The second largest aspect of the billing and pricing of collocation services is what they typically refer to as bandwidth charges. This is somewhat misleading of a name because bandwidth typically refers just to the amount of possible data per second that the connection can handle but what the providers are referring to is the amount of data transferred to and from the server for the given billing cycle.
Most providers will include a base amount of data transfers with the basic package and will be referred to by the number of gigabytes (GB) allowed. This can be as small as 2GB per month or as high as several hundred. The providers will also have a fee that will be charged to the customer for data transfers that exceed the amount of allotted bandwidth. Charges can range as low as pennies per GB to several dollars per GB. Be sure of what the rate is before signing any agreements.
Actual billing of the bandwidth charges can be calculated one of two ways by the collocation provider. The most common method is called 95th percentile while the other is the straight data transfer rates. Small servers with low bandwidth usage will typically use the straight data rates while larger servers tend to use the 95th percentile. Let's examine them in more detail.
Colocation America maintains one of the largest and most secure carrier-neutral data centers in the industry, and can now offer you all the bandwidth you'll ever need.
With 12 different carriers delivering 24Gbps of bandwidth into a fully meshed and redundant network data center, Colocation America is able to provide the bandwidth you require to manage your business, at a very competitive rate.
What is the 95th percentile, and why is it useful in measuring bandwidth?
The 95th percentile is the smallest number that is greater than 95% of the numbers in a given set. The reason this statistic is so useful in measuring data throughput is that is gives a very accurate picture of the cost of the bandwidth. Here's an example. Suppose an ISP sells you a T1 line, but you're only using it to access the web. Even though you might frequently download very large files (filling the pipe) your cost to the ISP is negligible, because your usage is intermittent. A single T3 connection to the backbone could easily support hundreds of such downstream customers, and never become saturated. As another example, suppose you are hosting a very busy web site that half-way fills your T1 for several hours every day. This type of bandwidth is more expensive, because your ISP can't oversell their connection to the backbone as effectively. The important thing to realize is that it doesn't cost your ISP anything to sell you a pipe of any particular size - it is the sustained rate of data transfer that costs them money. The sum of the 95th percentile usage of all of an ISP's customers predicts the peak amount of backbone traffic that the ISP will incur (in a given direction).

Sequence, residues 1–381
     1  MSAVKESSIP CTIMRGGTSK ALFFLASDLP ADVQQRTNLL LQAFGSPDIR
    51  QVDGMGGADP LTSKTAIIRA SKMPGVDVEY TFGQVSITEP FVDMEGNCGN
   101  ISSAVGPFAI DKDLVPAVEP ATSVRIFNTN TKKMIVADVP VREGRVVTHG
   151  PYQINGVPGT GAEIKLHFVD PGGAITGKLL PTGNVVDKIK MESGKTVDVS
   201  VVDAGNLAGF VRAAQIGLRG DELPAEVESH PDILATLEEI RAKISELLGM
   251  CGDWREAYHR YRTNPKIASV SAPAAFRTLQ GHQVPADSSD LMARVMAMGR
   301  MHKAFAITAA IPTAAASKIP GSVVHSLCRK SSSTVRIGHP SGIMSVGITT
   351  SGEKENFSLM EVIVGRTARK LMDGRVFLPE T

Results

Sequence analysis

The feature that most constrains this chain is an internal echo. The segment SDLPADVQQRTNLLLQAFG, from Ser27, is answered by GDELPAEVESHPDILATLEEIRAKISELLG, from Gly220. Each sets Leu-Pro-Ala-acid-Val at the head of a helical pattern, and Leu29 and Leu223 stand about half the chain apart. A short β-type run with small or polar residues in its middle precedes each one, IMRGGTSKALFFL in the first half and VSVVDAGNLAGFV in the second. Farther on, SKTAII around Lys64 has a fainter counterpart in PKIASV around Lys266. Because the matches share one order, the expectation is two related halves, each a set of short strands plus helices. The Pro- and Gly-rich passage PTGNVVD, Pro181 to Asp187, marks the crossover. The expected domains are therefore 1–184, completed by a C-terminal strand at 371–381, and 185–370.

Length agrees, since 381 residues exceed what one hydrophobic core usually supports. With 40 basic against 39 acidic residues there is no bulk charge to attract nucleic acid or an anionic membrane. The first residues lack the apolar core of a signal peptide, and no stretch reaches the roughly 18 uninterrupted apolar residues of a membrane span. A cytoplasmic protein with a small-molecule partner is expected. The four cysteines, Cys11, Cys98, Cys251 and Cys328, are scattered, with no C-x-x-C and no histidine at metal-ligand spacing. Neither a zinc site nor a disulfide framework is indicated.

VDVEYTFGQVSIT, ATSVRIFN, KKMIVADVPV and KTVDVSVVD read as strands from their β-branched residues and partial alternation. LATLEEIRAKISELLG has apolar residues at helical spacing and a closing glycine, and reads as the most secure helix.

Here are some examples, ISPs must charge for bandwidth by one of three means:
The 95th percentile calculation is a hard formula to try and explain. The easiest way to explain it is to give an example of how the calculation might be computed after a bit of explanation.
In order to determine the amount of data transferred to a server, the provider will monitor the network port that a server is attached to. Every 3 to 5 minutes, they will get a reading for the data transfer rate recorded over that time period. These are then stored in a database. At the end of the billing cycle, the database is queried for the entry that is the 95th percentile in overall size. This number is ten put into the formula such as this: (95th Percentile rate) x (billing cycle length) = Bandwidth usage.
Now, this in general will benefit most individuals since most network connections are idle for the majority of the time they are idle. However, if a site has a high sustained data transfer rate that is used for more than 5% of the time the link is up, it can be very expensive. Let's look at two examples using a shorter time span of 1 day to make it simple.
Over a 30 day period, a Web server gets about 30GB of traffic. For 28 of these days, the traffic consists of only .5GB/day. The last two days has 8GB/day of traffic. In this case of bursting traffic, the 95th percentile would be around .5GB/day. Using the 95th percentile calculation, the bandwidth charge would be: (.5GB/day) * (30days) = 15GB
Over a 30 day period, a Web server gets about 30GB of total traffic. For 20 of these 30 days, there is only a small amount of traffic that doesn't add up at a single GB. The remaining 10 days sees traffic of 3GB/day. The 95ht percentile in this case would be 3GB. Using the 95th percentile calculation, the bandwidth charge would be: (2GB/day) * (30days) = 90GB
As you can see, the consistent traffic with several days of busting traffic in the first example actually is more beneficial to the customer compared to the second example with its traffic that bursted for more than 5% of the time. Thankfully, the majority of servers on the Internet are going to be similar to example #1 and not example #2.